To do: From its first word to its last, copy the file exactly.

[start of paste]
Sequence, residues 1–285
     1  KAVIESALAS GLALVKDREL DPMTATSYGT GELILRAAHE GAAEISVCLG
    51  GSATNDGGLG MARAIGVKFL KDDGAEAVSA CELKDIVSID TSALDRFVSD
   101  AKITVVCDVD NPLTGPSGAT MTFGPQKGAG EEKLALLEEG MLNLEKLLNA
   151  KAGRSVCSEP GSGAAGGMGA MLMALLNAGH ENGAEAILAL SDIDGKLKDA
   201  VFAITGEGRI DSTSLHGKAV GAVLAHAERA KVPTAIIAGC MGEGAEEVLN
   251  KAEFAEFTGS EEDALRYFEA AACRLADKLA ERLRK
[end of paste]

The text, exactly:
Sequence, residues 1–285
     1  KAVIESALAS GLALVKDREL DPMTATSYGT GELILRAAHE GAAEISVCLG
    51  GSATNDGGLG MARAIGVKFL KDDGAEAVSA CELKDIVSID TSALDRFVSD
   101  AKITVVCDVD NPLTGPSGAT MTFGPQKGAG EEKLALLEEG MLNLEKLLNA
   151  KAGRSVCSEP GSGAAGGMGA MLMALLNAGH ENGAEAILAL SDIDGKLKDA
   201  VFAITGEGRI DSTSLHGKAV GAVLAHAERA KVPTAIIAGC MGEGAEEVLN
   251  KAEFAEFTGS EEDALRYFEA AACRLADKLA ERLRK